This work explores diverse cultural understandings of food practices in cities through the senses, drawing on case studies in the Americas, Asia, Australia, and Europe. The volume includes the senses within the popular field of urban food studies to explore new understandings of how people live in cities and how we can understand cities through food. It reveals how the senses can provide unique insight into how the city and its dwellers are being reshaped and understood. Recognising cities as diverse and dynamic places, the book provides a wide range of case studies from food production to preparation and mediatisation through to consumption. These relationships are interrogated through themes of belonging and homemaking to discuss how food, memory, and materiality connect and disrupt past, present, and future imaginaries. As cities become larger, busier, and more crowded, this volume contributes to actual and potential ways that the senses can generate new understandings of how people live together in cities. This book will be of great interest to students and scholars of critical food studies, urban studies, and socio-cultural anthropology.
|Author||: Karen A. Franck|
|Editor||: Academy Press|
Food and the City makes the relationships between food and the city visible by exploring both the ways in which buying and eating food have become such a significant part of urban public life, and the ways in which design supports and enhances the place of food in the city. It is timely because the proliferation of urban cafes, restaurants, and markets continues, but is not sufficiently recognized or analyzed. Food related topics are now of great interest in academic and design disciplines but the theme of this issue, food as it relates to the variety and vitality of urban life, has not been addressed. Food and the City, will develop ideas from the popular Food and Architecture (2002). Contents include: Raw, Medium, Well Done: A Typological Reading of Australian Cafes by Jane Lawrence & Rachel Hurst; Blurring Boundaries, Defining Place: The New Hybrid Space of Dining by Gail Satler; The New and the Rare: Gourmet Food in the Japanese Department Store by Masaaki Takahashi; Tasting the Periphery: Bangkok’s Agri and Aqua-cultural Fringe by Brian McGrath & Danai Thaitakoo; “Big Sign” Dining in Hong Kong: The City as Dining Room by Jeffrey W. Cody and Mary C. Day; Taste, Sound and Smell: On the Street in Chinatown and Little Italy by Nisha Fernando; What’s Eating Manchester? Gastro-culture and Urban Regeneration David Bell & Jon Binnie; Designing the Gastronomic Quarter by Susan Parham
|Author||: Tony Tan|
|Editor||: Allen & Unwin|
To eat in Hong Kong is endlessly fascinating and exciting. A mere dot on the map of China, and home to seven million migrants, Hong Kong boasts a food scene that is breathtakingly rich and varied. Tony Tan explores this vibrant city through 80 exquisite dishes, from the cutting-edge contemporary to the traditional, from both the high and low of Hong Kong cuisine - with recipes from the city's iconic hotels, its hawker stalls, and even a legendary dumpling house on the outskirts of Kowloon. Tony weaves his recipes with stories that trace Hong Kong's Chinese roots, explore its deep colonial connections and tantalise us with glimpses of today's ultra-modern city and most delicious eating spots.
|Author||: Nuno Domingos,José Manuel Sobral,Harry G. West|
|Editor||: Bloomsbury Publishing|
At a time when the relationship between 'the country' and 'the city' is in flux worldwide, the value and meanings of food associated with both places continue to be debated. Building upon the foundation of Raymond Williams' classic work, The Country and the City, this volume examines how conceptions of the country and the city invoked in relation to food not only reflect their changing relationship but have also been used to alter the very dynamics through which countryside and cities, and the food grown and eaten within them, are produced and sustained. Leading scholars in the study of food offer ethnographic studies of peasant homesteads, family farms, community gardens, state food industries, transnational supermarkets, planning offices, tourist boards, and government ministries in locales across the globe. This fascinating collection provides vital new insight into the contested dynamics of food and will be key reading for upper-level students and scholars of food studies, anthropology, history and geography.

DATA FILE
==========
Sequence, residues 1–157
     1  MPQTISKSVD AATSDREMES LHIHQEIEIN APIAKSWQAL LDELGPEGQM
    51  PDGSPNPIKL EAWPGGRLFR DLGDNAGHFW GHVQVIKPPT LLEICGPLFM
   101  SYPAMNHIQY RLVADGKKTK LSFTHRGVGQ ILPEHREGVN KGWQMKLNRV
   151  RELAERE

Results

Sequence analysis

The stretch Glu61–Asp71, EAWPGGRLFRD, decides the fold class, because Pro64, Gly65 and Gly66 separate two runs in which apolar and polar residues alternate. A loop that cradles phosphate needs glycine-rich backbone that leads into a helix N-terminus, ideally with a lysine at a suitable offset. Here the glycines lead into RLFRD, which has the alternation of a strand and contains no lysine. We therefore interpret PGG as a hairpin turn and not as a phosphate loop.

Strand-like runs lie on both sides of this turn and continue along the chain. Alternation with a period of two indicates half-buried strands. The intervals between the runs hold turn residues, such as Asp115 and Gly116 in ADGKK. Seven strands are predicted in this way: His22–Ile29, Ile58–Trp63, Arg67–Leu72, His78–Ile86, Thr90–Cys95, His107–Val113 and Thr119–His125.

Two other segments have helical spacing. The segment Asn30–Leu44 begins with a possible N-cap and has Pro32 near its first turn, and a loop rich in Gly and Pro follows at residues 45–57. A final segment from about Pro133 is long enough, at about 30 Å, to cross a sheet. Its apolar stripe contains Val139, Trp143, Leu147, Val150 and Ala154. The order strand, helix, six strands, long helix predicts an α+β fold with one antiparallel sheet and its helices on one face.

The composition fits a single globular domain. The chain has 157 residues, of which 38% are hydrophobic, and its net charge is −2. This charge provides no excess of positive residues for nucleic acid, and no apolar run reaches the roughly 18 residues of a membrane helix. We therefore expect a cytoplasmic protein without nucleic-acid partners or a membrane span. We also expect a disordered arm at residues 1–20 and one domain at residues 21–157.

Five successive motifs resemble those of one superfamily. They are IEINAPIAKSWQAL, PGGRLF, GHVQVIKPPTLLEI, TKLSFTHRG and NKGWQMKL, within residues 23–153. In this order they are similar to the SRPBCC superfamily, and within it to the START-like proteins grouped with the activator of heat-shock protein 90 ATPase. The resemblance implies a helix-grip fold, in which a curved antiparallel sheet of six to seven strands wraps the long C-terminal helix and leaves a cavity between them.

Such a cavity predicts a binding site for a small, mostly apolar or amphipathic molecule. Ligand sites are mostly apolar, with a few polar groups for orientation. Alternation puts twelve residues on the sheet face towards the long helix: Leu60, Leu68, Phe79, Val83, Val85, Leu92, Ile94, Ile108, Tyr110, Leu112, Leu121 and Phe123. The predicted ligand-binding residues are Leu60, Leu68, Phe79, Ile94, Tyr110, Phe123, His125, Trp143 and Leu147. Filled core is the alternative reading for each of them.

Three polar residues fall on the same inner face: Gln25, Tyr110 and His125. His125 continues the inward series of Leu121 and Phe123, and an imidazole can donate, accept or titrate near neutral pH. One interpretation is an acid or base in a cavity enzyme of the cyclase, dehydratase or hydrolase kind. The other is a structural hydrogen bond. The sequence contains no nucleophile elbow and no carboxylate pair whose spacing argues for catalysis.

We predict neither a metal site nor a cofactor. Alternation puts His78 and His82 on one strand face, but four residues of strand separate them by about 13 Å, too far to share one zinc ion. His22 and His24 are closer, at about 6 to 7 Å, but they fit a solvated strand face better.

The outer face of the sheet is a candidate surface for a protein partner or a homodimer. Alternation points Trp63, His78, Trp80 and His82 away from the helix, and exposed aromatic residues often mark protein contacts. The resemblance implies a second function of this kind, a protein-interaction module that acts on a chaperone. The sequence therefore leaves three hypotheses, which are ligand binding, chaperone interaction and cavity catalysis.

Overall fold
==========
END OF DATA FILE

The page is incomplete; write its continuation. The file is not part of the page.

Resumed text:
|Author||: Susan Parham|
|Editor||: Bloomsbury Publishing|
Cities are home to over fifty percent of the world's population, a figure which is expected to increase enormously by 2050. Despite the growing demand on urban resources and infrastructure, food is still often overlooked as a key factor in planning and designing cities. Without incorporating food into the design process – how it is grown, transported, and bought, cooked, eaten and disposed of – it is impossible to create truly resilient and convivial urbanism. Moving from the table and home garden to the town, city, and suburbs, Food and Urbanism explores the connections between food and place in past and present design practices. The book also looks to future methods for extending the 'gastronomic' possibilities of urban space. Supported by examples from places across the world, including the UK, Norway, Germany, France, Spain, Portugal, Greece, Romania, Australia and the USA, the book offers insights into how the interplay of physical design and socio-spatial practices centred around food can help to maintain socially rich, productive and sustainable urban space. Susan Parham brings together the latest research from a number of disciplines – urban planning, food studies, sociology, geography, and design – with her own fieldwork on a range of foodscapes to highlight the fundamental role food has to play in shaping the urban future.
|Author||: John Rensten|
|Editor||: Pan Macmillan|